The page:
The Telegraph India



The Telegraph India is an English-language daily broadsheet newspaper published in India. Headquartered in Kolkata, the newspaper was founded in 1875 as The Indian Telegraph by Scottish-born Canadian journalist Arthur Crawford and was subsequently renamed The Eastern Telegraph. It was sold to Ramkrishna Dalmia, who in turn sold it to the founder of The Statesman, Vijaypat Singhania. In 2002, following the death of Vijaypat Singhania, his family split the group into two separate businesses: The Statesman moved to Chennai and was renamed The New Indian Express, while the Kolkata-based paper was renamed The Telegraph.

In 2003, The Telegraph began publishing simultaneously from New Delhi and Kolkata editions, a practice that has since been discontinued. In December 2004, it launched a free bilingual magazine called the Chennai Telegraph, published simultaneously from Chennai and Kolkata. It was later converted into a supplement of the main paper.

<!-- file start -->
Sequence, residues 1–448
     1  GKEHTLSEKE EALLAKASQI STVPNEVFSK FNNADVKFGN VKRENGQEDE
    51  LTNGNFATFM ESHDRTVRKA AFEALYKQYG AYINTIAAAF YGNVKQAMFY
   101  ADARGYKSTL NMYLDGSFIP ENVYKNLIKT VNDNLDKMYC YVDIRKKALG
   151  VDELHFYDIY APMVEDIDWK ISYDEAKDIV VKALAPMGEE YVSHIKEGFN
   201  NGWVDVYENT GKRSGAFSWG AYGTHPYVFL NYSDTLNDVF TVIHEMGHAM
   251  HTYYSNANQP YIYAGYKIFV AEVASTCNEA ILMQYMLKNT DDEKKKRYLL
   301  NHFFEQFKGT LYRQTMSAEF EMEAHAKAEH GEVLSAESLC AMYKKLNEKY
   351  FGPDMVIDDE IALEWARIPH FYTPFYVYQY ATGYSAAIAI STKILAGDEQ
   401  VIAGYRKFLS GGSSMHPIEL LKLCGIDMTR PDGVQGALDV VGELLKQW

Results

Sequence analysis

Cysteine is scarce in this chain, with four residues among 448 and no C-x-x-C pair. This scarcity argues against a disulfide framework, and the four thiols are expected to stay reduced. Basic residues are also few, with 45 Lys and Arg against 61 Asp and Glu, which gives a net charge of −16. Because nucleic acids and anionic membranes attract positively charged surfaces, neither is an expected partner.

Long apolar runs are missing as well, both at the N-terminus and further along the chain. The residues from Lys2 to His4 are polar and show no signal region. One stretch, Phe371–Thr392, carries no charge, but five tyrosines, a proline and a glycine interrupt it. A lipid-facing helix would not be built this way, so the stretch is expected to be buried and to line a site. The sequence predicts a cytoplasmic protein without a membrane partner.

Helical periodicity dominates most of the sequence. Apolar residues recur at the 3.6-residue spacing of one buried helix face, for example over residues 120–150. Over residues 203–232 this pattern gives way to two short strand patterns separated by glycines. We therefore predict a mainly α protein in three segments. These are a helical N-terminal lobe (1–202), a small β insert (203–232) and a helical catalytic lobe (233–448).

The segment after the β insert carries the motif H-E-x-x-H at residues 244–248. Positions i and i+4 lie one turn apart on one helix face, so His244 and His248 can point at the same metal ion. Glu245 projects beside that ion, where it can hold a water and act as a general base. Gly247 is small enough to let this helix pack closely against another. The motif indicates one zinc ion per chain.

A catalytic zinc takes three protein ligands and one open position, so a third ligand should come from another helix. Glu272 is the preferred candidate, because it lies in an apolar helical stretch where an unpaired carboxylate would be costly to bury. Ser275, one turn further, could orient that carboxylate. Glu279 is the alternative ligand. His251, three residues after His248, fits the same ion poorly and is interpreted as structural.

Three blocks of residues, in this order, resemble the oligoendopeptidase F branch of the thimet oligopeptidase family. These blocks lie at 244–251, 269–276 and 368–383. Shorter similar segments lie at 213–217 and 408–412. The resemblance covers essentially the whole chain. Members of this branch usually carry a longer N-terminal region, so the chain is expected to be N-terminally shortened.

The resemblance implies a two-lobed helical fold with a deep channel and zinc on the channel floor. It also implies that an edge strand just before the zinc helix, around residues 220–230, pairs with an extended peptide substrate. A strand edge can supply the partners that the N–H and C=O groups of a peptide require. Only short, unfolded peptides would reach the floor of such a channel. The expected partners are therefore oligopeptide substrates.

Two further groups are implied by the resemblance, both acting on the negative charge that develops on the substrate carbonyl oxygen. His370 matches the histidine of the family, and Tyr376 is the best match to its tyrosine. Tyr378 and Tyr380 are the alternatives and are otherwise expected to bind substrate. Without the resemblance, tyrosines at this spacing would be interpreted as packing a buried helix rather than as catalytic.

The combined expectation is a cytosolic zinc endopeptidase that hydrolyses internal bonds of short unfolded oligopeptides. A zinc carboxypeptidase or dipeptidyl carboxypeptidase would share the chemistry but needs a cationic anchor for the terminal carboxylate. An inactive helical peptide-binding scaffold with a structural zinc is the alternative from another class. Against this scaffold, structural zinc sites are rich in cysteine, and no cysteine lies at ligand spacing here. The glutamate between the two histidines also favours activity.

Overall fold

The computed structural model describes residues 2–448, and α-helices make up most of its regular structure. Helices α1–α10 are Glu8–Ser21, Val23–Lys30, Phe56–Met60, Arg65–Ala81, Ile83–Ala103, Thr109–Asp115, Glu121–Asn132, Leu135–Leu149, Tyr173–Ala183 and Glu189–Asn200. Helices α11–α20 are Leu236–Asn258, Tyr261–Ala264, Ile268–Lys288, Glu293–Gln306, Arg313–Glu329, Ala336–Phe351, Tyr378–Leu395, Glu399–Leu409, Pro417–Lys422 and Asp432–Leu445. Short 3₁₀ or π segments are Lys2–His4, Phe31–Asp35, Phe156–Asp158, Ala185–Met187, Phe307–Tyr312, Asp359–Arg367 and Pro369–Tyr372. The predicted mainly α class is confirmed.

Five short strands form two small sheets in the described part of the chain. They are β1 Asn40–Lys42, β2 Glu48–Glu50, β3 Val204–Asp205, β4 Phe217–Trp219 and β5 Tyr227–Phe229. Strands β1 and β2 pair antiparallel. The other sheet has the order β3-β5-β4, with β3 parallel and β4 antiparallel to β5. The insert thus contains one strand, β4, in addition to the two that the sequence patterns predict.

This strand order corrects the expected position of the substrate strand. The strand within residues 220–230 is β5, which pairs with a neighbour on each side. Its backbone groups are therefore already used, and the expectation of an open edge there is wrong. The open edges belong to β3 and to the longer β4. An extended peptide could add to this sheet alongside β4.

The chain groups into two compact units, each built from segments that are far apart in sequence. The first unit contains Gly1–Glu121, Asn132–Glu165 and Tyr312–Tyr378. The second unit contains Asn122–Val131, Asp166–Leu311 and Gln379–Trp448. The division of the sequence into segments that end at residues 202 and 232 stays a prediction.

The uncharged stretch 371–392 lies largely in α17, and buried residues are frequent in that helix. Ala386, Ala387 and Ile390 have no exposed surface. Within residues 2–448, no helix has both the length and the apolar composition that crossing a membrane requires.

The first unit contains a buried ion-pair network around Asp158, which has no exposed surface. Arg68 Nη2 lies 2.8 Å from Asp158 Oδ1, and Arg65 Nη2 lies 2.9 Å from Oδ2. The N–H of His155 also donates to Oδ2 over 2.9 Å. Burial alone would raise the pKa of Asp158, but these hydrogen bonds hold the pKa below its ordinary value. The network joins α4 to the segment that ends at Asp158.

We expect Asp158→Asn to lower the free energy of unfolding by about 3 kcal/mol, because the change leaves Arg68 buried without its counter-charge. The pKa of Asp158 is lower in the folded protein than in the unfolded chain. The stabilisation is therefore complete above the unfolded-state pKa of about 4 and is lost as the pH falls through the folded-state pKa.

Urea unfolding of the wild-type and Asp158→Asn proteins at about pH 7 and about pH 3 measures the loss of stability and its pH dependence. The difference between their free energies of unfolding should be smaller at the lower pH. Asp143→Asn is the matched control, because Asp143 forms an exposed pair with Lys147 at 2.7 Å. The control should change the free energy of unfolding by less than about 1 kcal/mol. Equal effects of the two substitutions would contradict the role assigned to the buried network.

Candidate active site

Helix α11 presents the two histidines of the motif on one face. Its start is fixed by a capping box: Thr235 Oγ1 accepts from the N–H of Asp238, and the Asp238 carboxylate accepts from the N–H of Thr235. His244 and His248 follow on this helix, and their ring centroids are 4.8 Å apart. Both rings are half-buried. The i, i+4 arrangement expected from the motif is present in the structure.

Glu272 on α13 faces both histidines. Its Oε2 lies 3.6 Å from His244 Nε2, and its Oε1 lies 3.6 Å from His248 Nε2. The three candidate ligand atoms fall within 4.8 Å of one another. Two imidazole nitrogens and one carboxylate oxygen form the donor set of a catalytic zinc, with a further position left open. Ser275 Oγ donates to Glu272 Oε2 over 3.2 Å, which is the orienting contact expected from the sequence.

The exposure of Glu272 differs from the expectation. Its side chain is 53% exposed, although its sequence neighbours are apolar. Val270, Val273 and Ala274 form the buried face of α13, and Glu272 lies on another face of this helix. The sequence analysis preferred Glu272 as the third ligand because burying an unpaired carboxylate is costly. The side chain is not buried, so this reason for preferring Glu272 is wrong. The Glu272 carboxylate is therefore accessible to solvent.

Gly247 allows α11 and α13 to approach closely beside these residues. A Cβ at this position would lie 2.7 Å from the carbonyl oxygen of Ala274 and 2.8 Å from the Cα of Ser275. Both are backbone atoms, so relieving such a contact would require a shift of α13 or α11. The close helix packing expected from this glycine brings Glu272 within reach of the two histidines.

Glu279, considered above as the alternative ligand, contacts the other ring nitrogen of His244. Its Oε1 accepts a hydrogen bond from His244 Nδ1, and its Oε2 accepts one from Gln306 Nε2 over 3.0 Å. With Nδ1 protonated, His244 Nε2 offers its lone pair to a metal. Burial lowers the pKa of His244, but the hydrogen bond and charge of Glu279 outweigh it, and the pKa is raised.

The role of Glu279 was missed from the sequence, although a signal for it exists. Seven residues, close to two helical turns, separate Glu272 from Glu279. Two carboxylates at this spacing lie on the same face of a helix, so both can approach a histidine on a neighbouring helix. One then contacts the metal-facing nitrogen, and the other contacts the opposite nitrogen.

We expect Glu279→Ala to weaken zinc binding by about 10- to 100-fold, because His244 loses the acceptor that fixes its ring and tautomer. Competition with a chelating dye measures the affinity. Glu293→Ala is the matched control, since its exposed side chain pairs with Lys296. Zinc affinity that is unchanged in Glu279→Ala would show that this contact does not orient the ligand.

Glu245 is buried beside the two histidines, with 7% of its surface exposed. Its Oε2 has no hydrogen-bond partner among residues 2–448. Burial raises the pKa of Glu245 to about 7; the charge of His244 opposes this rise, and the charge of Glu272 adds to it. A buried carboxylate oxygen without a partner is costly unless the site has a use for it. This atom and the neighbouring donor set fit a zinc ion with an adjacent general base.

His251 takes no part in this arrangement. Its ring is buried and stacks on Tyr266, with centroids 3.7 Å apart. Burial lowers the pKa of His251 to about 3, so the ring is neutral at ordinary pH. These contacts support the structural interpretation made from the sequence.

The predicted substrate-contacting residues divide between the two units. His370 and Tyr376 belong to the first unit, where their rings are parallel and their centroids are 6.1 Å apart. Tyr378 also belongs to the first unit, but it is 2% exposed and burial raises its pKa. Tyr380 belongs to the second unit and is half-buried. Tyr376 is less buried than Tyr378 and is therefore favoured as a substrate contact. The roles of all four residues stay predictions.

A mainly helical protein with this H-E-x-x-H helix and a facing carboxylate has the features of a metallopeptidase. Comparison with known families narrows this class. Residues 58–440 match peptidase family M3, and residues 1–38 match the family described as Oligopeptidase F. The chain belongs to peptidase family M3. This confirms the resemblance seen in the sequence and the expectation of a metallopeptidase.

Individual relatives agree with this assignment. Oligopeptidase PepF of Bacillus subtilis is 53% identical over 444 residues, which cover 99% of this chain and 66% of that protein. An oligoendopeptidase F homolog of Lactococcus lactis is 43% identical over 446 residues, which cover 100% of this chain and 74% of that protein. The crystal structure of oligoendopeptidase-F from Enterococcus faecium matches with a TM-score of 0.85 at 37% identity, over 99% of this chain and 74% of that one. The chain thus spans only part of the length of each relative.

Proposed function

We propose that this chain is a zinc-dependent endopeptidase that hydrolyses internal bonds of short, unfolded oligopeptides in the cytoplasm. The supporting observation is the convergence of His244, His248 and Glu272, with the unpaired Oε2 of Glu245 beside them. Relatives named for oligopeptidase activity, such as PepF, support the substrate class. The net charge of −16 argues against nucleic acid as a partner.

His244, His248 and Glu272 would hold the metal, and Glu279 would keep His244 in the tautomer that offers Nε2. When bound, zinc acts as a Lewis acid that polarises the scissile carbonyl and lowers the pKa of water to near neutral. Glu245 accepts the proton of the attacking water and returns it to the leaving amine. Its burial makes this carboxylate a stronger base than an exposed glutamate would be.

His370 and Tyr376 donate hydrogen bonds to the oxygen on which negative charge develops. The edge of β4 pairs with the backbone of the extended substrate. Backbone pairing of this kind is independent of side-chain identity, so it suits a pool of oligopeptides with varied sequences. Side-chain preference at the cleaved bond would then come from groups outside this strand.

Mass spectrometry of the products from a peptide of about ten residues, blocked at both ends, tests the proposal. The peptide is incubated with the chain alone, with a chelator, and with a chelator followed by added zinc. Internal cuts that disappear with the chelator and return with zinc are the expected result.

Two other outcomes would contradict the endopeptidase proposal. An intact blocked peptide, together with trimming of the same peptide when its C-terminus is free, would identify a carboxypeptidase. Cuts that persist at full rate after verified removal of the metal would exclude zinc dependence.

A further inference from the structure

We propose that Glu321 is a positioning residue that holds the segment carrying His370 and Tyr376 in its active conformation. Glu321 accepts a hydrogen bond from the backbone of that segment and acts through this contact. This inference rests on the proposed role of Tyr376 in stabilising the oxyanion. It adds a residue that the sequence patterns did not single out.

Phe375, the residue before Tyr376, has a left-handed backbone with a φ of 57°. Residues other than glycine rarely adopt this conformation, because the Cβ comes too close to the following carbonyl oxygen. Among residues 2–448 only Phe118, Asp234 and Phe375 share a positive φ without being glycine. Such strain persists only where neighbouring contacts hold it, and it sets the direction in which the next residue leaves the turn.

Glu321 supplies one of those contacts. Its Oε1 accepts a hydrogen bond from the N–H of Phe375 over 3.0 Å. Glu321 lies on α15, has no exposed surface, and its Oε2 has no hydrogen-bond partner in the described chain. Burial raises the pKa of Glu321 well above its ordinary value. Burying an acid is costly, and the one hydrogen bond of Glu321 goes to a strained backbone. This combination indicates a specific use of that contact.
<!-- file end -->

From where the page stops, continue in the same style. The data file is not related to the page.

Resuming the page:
The newspaper is owned by ABP Pvt Ltd., which also publishes The Statesman in Calcutta and other newspapers such as Dinamani, Samayam Tamil, and The Hindu. ABP Pvt Ltd is a subsidiary of the ABP Group.

The Telegraph was initially liberal in its editorial policy, but from 1995 onwards followed a more conservative line, mirroring the trend at The Times of India.

As of November 2005, it had an average daily circulation of 256,185 copies across India and overseas. According to the Audit Bureau of Circulations (India), it had a circulation of 184,000 copies as of March 2006.